Scholarship recipients appreciate the opportunity to study with American surgeons
Each year, several surgeons from around the world are selected to take part in the AAOS International Surgical Skills Scholarship Program. The goal of the program is to improve the quality and outcomes of orthopaedic care worldwide through the awarding of scholarships to applicants who have demonstrated a desire and ability to positively affect their communities by providing the highest quality musculoskeletal care for patients. Since 2001, the AAOS International Committee has helped bring more than 35 orthopaedic surgeons from 27 countries to the United States, where they train with their American colleagues.
Each year, the scholarship program rotates to one of four regions. The 2010 program participants are predominantly from the Asia and Pacific region and include Vikas Trivedi, MD, Meerut, India; Dave Anthony G. Dizon, MD, UPCM–Philippine General Hospital, Manila, the Philippines; Jun Li, MD, PhD, Xi’an, China; Sami Yosufzai, MD, Kabul, Afghanistan; Dipak Shrestha, MD, Dhulikhel Teaching Hospital, Dhulikhel, Nepal; and Olayinka Adegbehingbe, MD, Ile Ife, Osun State, Nigeria.
On Oct. 21, 2010, Drs. Dizon, Shrestha, and Trivedi met at AAOS to talk about the state of orthopaedics in their home countries and what they hoped to gain during their visits.
“The Philippine General Hospital in Manila is the largest state-run hospital in the country,” said Dr. Dizon. “We have about 1,200 beds, with 70 beds dedicated to orthopaedics. Orthopaedics has five sections: spine, adult reconstruction, trauma, hand, and pediatrics. Each operates autonomously.”
According to Dr. Dizon, the most common orthopaedic conditions in the spine section are tuberculous spondylitis and neglected deformities.
“Across the whole department, I think the bulk of our work is mostly trauma,” he explained. “We get a lot of motorcycle accidents.”
Dr. Dizon also has his own private practice, “to put food on the table,” he said. “We cannot survive on the salary of a government hospital, so we have to supplement with private practice. I have a practice that extends across three other hospitals.”
Trying to specialize
In addition to teaching, Dr. Shrestha works at Kathmandu University Hospital—a 350-bed facility with 32 to 36 orthopaedic beds, although as many as 50 beds are available if needed.
“We encroach on the other departments,” he laughed.
His hospital sees many trauma cases mostly as the result of falls.
“People may fall from a cliff or fall from a tree,” he said. “This is an occupational hazard. Without any safety precautions they climb trees to collect leaves for the cattle, and they sustain a variety of injuries. When they come to us, it’s usually very late.”
The hospital is about 30 km east of Kathmandu and is the last hospital before the border with Tibet. Aside from a few scattered 3- or 4-bed hospitals, it is the only care facility for more than 1 million people.
“We now have five people in the orthopaedic department,” he said, “so we’re trying to develop specialties. I want to focus on spine and adult reconstruction.”
Expanding his knowledge
Dr. Trivedi serves as an associate professor in orthopaedic surgery at the Subharti Institute of Medical Sciences in Meerut, India. The hospital is attached to Subharti University, and has about 100 orthopaedic beds.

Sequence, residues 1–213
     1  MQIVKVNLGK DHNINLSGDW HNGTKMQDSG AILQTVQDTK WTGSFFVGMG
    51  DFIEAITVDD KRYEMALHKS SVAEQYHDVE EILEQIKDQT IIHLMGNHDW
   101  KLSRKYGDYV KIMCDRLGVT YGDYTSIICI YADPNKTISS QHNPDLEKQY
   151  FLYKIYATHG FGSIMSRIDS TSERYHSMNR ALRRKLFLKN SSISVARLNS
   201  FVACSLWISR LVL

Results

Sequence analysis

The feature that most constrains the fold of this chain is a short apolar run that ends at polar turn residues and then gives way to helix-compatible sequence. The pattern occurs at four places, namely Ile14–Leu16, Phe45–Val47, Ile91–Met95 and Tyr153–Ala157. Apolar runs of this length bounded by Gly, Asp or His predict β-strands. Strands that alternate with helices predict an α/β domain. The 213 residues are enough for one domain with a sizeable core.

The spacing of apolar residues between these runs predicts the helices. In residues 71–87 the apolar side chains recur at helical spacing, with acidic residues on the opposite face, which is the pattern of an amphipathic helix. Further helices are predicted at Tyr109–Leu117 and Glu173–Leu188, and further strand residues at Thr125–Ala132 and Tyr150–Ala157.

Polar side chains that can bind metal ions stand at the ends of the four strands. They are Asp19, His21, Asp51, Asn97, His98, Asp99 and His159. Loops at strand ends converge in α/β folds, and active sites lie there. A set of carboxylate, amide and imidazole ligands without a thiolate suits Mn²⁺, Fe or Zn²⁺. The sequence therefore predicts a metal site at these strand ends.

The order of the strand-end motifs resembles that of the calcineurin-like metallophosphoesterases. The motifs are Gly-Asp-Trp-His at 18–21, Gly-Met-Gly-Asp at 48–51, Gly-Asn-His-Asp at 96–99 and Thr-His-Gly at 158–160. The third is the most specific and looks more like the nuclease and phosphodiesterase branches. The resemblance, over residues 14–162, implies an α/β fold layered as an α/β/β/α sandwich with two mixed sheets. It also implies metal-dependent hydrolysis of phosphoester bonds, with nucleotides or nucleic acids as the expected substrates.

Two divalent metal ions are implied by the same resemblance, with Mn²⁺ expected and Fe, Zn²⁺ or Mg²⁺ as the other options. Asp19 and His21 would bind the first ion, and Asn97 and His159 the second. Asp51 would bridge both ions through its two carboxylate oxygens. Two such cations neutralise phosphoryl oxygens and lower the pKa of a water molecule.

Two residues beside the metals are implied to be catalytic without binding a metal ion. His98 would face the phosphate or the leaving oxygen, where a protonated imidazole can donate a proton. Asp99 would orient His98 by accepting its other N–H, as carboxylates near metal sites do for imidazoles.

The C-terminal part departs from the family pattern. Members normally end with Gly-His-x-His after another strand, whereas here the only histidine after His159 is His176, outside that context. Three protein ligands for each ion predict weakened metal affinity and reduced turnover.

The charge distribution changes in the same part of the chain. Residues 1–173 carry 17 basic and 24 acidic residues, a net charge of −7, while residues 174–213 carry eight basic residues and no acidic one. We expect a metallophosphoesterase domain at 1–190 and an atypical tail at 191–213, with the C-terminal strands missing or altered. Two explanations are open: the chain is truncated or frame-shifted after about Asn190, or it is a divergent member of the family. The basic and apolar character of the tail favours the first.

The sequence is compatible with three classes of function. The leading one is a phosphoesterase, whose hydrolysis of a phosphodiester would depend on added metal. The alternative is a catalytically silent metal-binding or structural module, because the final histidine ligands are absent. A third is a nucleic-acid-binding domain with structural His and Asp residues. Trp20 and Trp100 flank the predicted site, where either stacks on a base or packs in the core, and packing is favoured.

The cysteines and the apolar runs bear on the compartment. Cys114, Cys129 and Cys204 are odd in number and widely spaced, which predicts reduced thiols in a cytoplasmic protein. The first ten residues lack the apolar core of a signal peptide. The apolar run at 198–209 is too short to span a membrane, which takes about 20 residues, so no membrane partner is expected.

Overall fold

Dr. Trivedi’s interests lie primarily in the areas of pediatric spine and general pediatric orthopaedics, but in India, he said, there is very little surgical specialization. On any given day he may assist at spine surgery, work with pediatric patients, or perform arthroscopy or a joint replacement.
“I’m trying to expand my knowledge by applying to international fellowship programs, preferably in the United States, to get more clinical experience in my preferred areas of study.”
According to Dr. Trivedi, medicine in northern Indian cities like Meerut lags behind that found in southern cities like Mumbai, making it a prime area for the introduction of modern orthopaedic techniques. He was the first person in his region to use the Ponseti technique to treat children afflicted with club foot.
“We used to see neglected clubfoot patients,” he said. “Now we can treat them very early, with a dramatic change in results. I’m also doing some deformity correction procedures that hadn’t been done in my region before.”
To learn how you can support the program, either financially or by hosting a scholarship recipient, contact Lisa Cohen, manager, international education programs, at firstname.lastname@example.org
Peter Pollack is a staff writer for AAOS Now. He can be reached at email@example.com
Hosts and sponsors
The AAOS and the international scolars thank the following surgeons and institutions who hosted observership programs: David Templeman, MD, Hennepin Health Center, Minneapolis; Stefano Bini, MD, The Permanente Medical Group, Oakland, Calif.; Mininder S. Kocher, MD, Children’s Hospital Boston, Boston; Dave Dominique, MD, Pinnacle Health Center, Harrisburg, Pa.; Richard J. Coughlin, MD, San Francisco General Hospital, San Francisco; Charles Saltzman, MD, University of Utah Orthopaedic Center, Salt Lake City; Joseph Cass, MD, Mayo Clinic, Rochester, Minn.
Funding for the AAOS International Surgical Skills Program is provided by the following: Arthroscopy Association of North America, The Foundation of Orthopedics and Complex Spine, The Global Arthroscopy Foundation, The Pediatric Orthopaedic Society of North America, The Permanente Medical Group, Sociedad Española de Cirugía Ortopédica y Traumatología, Società Italiana di Artroscopia, and Stetson Powell Orthopedics and Sports Medicine.
For more information about the AAOS Scholarship Programs, visit www.aaos.org/internationalscholarship